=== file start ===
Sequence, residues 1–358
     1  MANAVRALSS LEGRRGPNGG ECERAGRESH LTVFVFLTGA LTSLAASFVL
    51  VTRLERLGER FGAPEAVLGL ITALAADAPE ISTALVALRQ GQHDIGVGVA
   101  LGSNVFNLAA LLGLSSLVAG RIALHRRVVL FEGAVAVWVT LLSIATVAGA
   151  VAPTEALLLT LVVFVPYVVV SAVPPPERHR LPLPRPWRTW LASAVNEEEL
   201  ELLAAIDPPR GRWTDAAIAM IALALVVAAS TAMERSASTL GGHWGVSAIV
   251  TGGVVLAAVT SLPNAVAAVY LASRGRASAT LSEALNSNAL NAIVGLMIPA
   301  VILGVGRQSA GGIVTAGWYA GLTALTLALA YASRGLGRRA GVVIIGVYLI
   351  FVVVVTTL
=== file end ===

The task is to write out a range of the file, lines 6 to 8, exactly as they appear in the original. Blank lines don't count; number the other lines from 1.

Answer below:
   201  ELLAAIDPPR GRWTDAAIAM IALALVVAAS TAMERSASTL GGHWGVSAIV
   251  TGGVVLAAVT SLPNAVAAVY LASRGRASAT LSEALNSNAL NAIVGLMIPA
   301  VILGVGRQSA GGIVTAGWYA GLTALTLALA YASRGLGRRA GVVIIGVYLI